Culture + Style

6 Questions for Alexis Marceaux of NBC’s “The Voice”

Alexis Marceaux (Photo: Joshua Brasted)

While Alexis Marceaux gained national exposure on Cee Lo Green’s team on season 3 of “The Voice,” the New Orleans native has always been a fixture of the local music scene. She frequently performs in New Orleans music clubs as a folk-pop solo artist and in the pop bands Alexis and the Samurai and Sweet Crude — her newer venture. Alexis and the Samurai recently release a live EP and will release a studio EP in the spring. Sweet Crude is currently in the studio and preparing to make its New Orleans Jazz & Heritage Festival debut in April. Marceaux gives us the low-down on the New Orleans music scene — which isn’t just about jazz music.

Sweet Crude at One Eyed Jacks (Photo: Joshua Brasted)
Sweet Crude at One Eyed Jacks (Photo: Joshua Brasted)

How would you describe the music scene in New Orleans?

There’s your typical jazz and blues and whatnot and you can get all of that on Frenchmen (Street). But there’s actually a really cool independent scene that a lot of people don’t know about. Of course if you’re visiting you want to go to those place that have the typical New Orleans thing, but if you want to branch out there are so many independent artists making new sounds.

Who are some of your favorites in the independent scene?

Cardinal Sons, Vox and the Hound if you want a dancy band — they do Motown and original stuff. The Essentials are awesome; they play on Frenchmen a lot. Cardinal Sons is my favorite. I love their shows so much. I feel like I’m seeing someone that’s on a bigger scale but in my own backyard.

As a performer, what are your favorite clubs to play in?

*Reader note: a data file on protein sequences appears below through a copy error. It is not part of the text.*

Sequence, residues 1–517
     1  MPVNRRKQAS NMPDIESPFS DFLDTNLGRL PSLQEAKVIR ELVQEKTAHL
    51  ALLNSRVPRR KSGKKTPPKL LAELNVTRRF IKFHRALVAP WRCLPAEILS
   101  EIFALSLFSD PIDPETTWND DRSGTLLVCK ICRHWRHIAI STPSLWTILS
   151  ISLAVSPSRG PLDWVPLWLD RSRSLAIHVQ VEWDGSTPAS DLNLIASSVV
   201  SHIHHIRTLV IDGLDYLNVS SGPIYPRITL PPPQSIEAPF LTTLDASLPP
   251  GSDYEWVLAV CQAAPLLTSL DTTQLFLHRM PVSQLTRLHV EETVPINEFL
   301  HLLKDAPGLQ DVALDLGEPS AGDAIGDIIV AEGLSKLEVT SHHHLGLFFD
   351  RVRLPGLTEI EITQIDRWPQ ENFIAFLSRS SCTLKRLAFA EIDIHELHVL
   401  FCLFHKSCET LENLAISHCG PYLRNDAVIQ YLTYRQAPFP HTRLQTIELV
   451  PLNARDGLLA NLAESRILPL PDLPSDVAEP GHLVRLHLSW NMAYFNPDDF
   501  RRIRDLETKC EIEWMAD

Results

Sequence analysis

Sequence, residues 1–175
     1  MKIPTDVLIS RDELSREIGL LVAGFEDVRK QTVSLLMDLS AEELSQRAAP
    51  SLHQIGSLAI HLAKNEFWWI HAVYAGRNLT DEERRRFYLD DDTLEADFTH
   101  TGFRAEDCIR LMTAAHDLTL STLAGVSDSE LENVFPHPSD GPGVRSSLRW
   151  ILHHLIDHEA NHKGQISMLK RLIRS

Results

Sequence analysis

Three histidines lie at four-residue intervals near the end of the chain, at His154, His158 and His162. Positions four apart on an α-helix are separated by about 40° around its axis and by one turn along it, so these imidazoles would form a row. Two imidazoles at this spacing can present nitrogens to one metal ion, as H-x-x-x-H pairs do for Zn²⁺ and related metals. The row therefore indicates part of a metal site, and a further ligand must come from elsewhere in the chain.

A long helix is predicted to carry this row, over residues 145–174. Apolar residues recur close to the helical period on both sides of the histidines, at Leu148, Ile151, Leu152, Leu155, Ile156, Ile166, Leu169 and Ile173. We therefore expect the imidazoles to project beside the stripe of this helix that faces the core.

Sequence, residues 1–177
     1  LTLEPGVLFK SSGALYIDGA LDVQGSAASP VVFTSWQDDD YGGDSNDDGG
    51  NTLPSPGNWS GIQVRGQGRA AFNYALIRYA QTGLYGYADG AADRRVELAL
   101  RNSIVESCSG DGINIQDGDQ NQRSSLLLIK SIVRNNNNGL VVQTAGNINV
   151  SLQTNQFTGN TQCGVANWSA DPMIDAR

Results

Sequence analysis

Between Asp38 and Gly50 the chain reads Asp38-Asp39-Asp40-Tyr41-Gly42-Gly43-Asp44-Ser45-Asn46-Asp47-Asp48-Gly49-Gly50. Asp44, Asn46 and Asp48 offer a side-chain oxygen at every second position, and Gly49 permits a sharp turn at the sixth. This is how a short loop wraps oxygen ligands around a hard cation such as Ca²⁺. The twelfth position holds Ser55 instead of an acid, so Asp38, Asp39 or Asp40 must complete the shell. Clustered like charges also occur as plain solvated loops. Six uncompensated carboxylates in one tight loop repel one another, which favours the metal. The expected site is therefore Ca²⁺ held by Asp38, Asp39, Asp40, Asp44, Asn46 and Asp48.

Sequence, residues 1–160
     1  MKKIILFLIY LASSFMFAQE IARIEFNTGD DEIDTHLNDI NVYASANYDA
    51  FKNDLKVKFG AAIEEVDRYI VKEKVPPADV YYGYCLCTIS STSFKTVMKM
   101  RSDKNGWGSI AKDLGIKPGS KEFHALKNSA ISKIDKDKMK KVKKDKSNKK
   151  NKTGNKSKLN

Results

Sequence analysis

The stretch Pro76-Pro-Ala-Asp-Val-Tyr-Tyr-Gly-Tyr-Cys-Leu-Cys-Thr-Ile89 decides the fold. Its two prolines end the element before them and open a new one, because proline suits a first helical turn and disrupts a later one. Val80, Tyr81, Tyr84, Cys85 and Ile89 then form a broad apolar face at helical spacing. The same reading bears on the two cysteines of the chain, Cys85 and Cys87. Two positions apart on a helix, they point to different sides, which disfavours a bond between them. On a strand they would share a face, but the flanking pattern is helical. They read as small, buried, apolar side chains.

Chickie Wah Wah. We (Alexis and the Samurai) have a residency there every Monday. I like it because it’s one of the few listening venues in this city, so people go to listen, and they hush people to make sure no one’s talking and they’re there for the music. There’s also Gasa Gasa, which is a newer venue where some of those independent artists go and play
(and) they have this really cool chain of touring artists coming through. It’s also smaller, and it’s a louder venue. They have a really good sound system — that’s another thing, when you’re a musician you have to make sure to find the good sound systems in the city.

Where do you like to enjoy shows?

I go to Gasa more than any place. Hi-Ho Lounge has good stuff. DJ Soul Sister’s (Saturday HUSTLE dance parties are) awesome. Siberia has good bands playing there. St. Claude (Avenue) is a fun scene to me.

What’s your favorite music festival?

Bayou Boogaloo for sure; it’s my favorite. They treat their artists amazing, first of all, and it’s just a beautiful festival — it’s on Bayou St. John (in the Mid-City neighborhood). The weather’s always perfect; it’s never too hot or too cold. It’s a smaller festival and it’s getting bigger and bigger every year, but with its growth it’s become better.

Since you’re out late performing usually, what are some of your favorite places for late-night food?

Lately I’ve been Uptown a lot, and New York Pizza is delicious. They have stuff late, usually — at least ’til, like, 11 or 12. I live by Chickie Wah Wah, and they have really good barbecue there, and they’re open at least until the music ends or an hour after. Siberia has a delicious menu — the asparagus po’ boy is amazing. It’s Eastern European food. Everything on the menu is really good food, and it’s open really late.